d·HEALTH Barcelona is an innovative program in several ways: intensive immersion in a clinical setting, to work in a team in which knowledge (medicine, business, design ...) and experiences complement each other, new methodological approaches —based on workshops and group dynamics, presentations, open discussions with panels of experts, MOOCs ...—, the combination of master-classes on science, business and X-thinking taught by leading professionals from different backgrounds. Some of the sessions will be open to a broader audience to promote networking and interaction with the fellows.

d·HEALTH Barcelona has many national and International collaborators. One of them is KaosPilots, the prestigious Danish school of new business design and social innovation. Christer Windeløv-Lidzélius, the CEO of the KaosPilots, is a member of the program’s Advisory Board and will teach students how to become creative leaders. d·HEALTH Barcelona’s Faculty includes experts and entrepreneurs coming from health, economy and design such as John Collins, director of technology implementation at the Center for Integration of Medicine and Innovative Technology (CIMIT) in Boston; Dan E. Azagury, Stanford Biodesign 2011-12 Grube fellow and co-founder of Ciel Medical Inc (Geneva); Yossi Bahagon, founder of the e-Health wing at Clalit Health Services (Jerusalem); Chia Hwu, CEO at Qubop (Silicon Valley); David Maltz, head of device development at Novartis Pharmaceuticals Co (Silicon Valley) and Lekshmy Parameswaran, co-founder of Fuelfor healthcare design and consulting firm (Barcelona – Singapore).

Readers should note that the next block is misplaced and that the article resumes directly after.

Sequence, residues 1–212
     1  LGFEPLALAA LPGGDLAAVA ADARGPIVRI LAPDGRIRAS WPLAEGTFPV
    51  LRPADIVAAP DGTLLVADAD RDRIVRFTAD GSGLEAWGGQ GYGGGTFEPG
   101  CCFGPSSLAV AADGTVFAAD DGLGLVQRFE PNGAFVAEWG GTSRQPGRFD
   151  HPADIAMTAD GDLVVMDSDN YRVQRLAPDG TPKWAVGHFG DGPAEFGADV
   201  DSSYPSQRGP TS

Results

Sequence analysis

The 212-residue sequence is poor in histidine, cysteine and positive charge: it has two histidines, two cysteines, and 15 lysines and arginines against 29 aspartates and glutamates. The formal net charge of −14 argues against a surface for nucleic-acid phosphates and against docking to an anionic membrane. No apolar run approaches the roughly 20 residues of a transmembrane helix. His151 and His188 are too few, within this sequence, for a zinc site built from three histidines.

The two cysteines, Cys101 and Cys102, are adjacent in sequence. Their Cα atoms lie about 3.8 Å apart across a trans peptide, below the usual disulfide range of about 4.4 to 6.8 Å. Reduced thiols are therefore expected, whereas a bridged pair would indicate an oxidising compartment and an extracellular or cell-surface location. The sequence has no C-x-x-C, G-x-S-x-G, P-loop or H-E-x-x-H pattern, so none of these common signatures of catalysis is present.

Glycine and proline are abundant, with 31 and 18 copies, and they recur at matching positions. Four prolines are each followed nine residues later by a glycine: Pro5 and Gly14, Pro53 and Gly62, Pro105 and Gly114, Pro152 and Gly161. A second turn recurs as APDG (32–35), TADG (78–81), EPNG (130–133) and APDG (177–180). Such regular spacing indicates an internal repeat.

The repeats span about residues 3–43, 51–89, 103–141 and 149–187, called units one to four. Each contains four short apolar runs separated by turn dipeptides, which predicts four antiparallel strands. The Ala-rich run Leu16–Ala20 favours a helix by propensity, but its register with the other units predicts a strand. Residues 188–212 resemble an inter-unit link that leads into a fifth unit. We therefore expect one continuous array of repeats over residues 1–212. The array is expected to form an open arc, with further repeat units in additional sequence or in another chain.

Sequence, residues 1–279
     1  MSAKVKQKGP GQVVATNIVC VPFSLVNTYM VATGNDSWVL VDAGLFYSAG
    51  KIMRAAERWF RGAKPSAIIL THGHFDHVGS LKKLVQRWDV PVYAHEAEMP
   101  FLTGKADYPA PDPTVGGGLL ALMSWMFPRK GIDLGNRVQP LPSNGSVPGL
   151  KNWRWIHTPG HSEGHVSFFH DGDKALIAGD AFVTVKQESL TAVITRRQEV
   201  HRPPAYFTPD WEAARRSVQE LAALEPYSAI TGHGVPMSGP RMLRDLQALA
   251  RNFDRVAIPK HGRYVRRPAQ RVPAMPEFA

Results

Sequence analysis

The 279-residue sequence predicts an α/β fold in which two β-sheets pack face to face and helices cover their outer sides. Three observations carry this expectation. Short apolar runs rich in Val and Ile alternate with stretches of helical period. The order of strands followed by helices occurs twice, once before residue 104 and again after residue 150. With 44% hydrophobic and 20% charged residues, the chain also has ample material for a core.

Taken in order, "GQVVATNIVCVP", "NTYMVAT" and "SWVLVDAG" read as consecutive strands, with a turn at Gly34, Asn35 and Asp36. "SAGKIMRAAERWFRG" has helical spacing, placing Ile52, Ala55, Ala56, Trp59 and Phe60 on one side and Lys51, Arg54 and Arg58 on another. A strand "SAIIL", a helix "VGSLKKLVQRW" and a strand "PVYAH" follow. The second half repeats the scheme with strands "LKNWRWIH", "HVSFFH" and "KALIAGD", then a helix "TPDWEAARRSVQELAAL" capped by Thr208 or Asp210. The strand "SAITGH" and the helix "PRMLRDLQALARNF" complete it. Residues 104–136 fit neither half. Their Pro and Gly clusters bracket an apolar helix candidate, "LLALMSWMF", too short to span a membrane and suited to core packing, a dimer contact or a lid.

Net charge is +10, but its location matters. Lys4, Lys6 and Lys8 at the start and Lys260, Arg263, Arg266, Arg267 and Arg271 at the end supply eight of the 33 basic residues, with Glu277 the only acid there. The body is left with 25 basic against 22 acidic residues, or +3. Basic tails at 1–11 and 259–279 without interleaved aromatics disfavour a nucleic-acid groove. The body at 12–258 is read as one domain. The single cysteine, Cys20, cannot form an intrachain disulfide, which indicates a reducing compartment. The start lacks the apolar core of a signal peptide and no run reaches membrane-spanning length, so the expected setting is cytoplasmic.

Moebio, the talent development initiative that includes d·HEALTH Barcelona, will consist of several long and short term training programs with a single, common goal: to promote entrepreneurship at the intersection of technology, life sciences, health and business. To help design advanced programs capable of responding to current challenges at a global scale, Moebio has an Advisory Board which includes, among others, the aforementioned Christer Windeløv-Lidzélius, director of KaosPilots, Lluís Torner, director of ICFO, John Collins (CIMIT), Yossi Bahagon (Health Services), Menno Van Dijk (THNK, The Amsterdam School of Creative Leadership); Neo Kok-Beng (Stanford Biodesign, Singapore) and Xavier Verdaguer (Imagine).

Biodesign: innovation’s engine

In recent years, our knowledge in life sciences has increased exponentially and technology has become increasingly complex. At the same time, providing quality health care has become more difficult and expensive. There are many medical needs, some obvious and others that have not been identified even by the people closest to them. Innovation in healthcare offers huge opportunities for entrepreneurs, but is also a challenging field that requires new, interdisciplinary approaches.